The Missing Manual Tiger by David Pogue ------- Just the Appendixes C and D make this book worth the price...They tell Mac (Appendix C) and Windows (D) folks where things are in Tiger versus their previous operating system.----- It covers the new features in detail: Spotlight - what¿s the keyboard shortcut to open spotlight how to search when you only know part of a word (usable also in text edit). He explains how to set preferences, how to keep certain items private, changing sort order, etc. Then he goes on to explain how to use the Find command (you can do much more detailed searching using Find).----- Dashboard is another new Tiger feature that is covered in great detail. Dashboard is triggered by pushing the F12 key, but I have a laptop and F12 is the eject key, However by holding down the Fn key AND F12 I can open Dashboard. Did you know that you can refresh widgets by holding command and clicking R, open more than one copy of a widget and open the widget bar with the command = keystroke? Each of the 14 standard widgets are described in detail. He mentions a shareware program that will let you have a widget open while you¿re using another program. Do you share your computer? Learn how and where to install widgets so they¿re available to everyone, or just to you!----- Another major item Apple features in Tiger is Automator. This lets you build a series of actions just by dragging tiles in the right order. Remember AppleScript that let you build instructions for a repetitive task? This is a simpler version. For the average user, one of the more useful actions might be in Safari to get text from a web page, or make a list of all the URLs from a web page, or the combine PDF files.----- Security has been improved. Don¿t know what a firewall is, let alone how to configure it? Pogue explains this is layman¿s terms. Don¿t know what the Root account is? Don¿t mess with it, but understand it and learn how to activate/deactivate it ( it comes on page 455. Need to understand permissions and be sure they¿re set correctly -he has pages of data on how to do this. During a download, when Tiger says ¿this contains an application, do you want to continue?¿ you can expand that box to see what program it refers to, thus preventing spyware from being downloaded. In addition, if you are installing, it will also ask for permission. In addition to the Secure Empty Trash, Disk Utillity can super erase ALL free disk space. Don¿t want the people who share your computer to see where you¿ve been surfing (make that present a surprise), turn on Private Browsing in the Safari menu before you begin. ----- Since this book is over 800 pages, I can¿t review all of it for you. However, I find it an INDISPENSIBLE Macintosh tool. I always find the answer I need in Pogue¿s books!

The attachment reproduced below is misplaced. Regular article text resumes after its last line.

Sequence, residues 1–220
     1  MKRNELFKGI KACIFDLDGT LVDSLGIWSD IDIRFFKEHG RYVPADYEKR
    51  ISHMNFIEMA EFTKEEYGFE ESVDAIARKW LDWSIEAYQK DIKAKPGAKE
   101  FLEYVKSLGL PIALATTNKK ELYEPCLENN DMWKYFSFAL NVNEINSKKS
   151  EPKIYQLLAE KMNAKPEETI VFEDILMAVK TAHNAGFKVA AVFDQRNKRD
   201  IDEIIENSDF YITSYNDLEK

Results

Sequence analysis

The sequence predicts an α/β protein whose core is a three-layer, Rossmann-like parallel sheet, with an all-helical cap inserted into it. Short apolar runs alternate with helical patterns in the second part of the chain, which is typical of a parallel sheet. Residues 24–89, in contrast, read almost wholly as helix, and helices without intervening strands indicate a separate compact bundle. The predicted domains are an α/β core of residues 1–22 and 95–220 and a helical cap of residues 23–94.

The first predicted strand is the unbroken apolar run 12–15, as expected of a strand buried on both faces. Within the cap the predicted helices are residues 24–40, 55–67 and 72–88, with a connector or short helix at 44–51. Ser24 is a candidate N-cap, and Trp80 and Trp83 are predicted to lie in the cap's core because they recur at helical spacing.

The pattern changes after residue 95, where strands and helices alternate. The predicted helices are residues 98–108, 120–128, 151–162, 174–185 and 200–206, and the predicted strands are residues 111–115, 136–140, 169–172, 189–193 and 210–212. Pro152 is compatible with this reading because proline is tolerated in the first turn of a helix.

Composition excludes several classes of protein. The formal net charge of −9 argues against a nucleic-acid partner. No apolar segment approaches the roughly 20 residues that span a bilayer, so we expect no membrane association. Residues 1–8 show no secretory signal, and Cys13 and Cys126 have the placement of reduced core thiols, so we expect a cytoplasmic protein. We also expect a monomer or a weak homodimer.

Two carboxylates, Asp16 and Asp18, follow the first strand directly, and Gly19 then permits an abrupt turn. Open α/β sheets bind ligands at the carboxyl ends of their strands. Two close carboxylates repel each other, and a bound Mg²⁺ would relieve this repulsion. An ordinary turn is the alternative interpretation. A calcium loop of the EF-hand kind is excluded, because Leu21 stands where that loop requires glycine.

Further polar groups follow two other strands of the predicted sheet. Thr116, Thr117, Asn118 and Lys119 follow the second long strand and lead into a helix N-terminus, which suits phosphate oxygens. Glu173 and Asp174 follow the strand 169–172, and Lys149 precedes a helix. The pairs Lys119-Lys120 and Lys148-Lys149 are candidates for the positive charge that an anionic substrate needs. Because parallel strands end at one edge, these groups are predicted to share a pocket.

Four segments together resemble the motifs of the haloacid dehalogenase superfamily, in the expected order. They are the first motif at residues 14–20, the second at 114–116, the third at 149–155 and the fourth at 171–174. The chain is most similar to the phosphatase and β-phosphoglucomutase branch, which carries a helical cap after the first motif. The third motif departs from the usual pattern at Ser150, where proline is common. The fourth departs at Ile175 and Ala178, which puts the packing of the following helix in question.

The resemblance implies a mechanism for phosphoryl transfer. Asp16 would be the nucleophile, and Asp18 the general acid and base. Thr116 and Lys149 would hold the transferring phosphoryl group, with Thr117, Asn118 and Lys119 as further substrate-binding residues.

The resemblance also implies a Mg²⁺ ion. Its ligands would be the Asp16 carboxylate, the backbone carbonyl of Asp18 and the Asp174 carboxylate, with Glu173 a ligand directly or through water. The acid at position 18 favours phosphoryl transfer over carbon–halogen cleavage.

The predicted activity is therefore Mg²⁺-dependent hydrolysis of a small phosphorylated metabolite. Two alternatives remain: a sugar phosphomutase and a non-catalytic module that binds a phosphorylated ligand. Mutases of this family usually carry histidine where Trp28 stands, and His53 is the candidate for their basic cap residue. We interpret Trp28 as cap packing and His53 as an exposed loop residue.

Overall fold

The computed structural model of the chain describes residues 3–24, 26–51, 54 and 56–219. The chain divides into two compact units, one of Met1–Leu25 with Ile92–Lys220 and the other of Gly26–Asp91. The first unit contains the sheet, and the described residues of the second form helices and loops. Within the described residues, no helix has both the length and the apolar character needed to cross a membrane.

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  • Anonymous

    Posted August 25, 2005


    The Tiger version of Mac OS X only builds on the successes of previous Mac OS X versions. Author David Pogue has done an outstanding job of providing intermediate to advanced Mac users with a book that is very concise, technical in depth, contains many useful examples and provides tutorials. Pogue begins by prompting you to look at folders and windows. Next, the author shows you how to organize your files, folders, aliases, etc. ... into a Mac OS X Home folder. Then, he offers a way to find and open files by using Spotlight (the start feature of Tiger (Mac OS X)) in a fast and efficient way. The author continues by showing you how to use and control the most dramatic elements of Mac OS X. In addition, the author next deals with getting accustomed to the way programs, documents and dashboards relate to each other in Mac OS X. He also shows you how to flip back into Mac OS 9. The author next leads you through a broad range of data-exchange mechanisms. Next, the author introduces you to Automator and AppleScriipt. Then, he guides you through the entire System Preferences program, panel by panel. The author then presents a conciese crash course on how to use free programs. Next, he discusses CDs, DVDs, and iTunes. Then, he introduces you to the concepts of accounts, firewalls and security in general. The author continues by explaining how Apple designed a networking system that was simple enough for the laptop owner who just wants to copy things to a desktop Mac when returning from a trip, yet secure and flexible enough for the network designer at a large corporation. He next tackles printing, faxing, fonts, graphics, ColorSync, and the new desktop slideshow. Then, he covers the creative pursuits of creating and using sound as well as, playing and editing movies. The author next shows you how to find your footing and decide whether or not you like the feel of Unix. He then offers guided tutorials for performing more specialized tasks--some of which you can't do in the Finder. Next, he shows you how to hack Mac OS X. The author continues by showing you how to set up broadband connections that are always on. Next, he discusses the ins and outs of the Mac OS X mail and address book. Then, he tackles the motley crew of Safari, iChat and Sherlock one by one. Finally, he explores the various advanced methods of manipulating your own Mac from the road, including remote access technologies like long-distance file sharing, FTP, SSH, and virtual private networking (VPN). With the preceding in mind, the author has done an excellent job of providing an all encompassing manual that should have originally accompanied Mac OS X version 10.4. At the end of the day, he has accomplished in this book, what most would consider impossible--providing the reader with: coverage of new Tiger features in depth standard Mac features that contain more tips and tricks clever uses for old ideas and, greater context borne of the passage of time.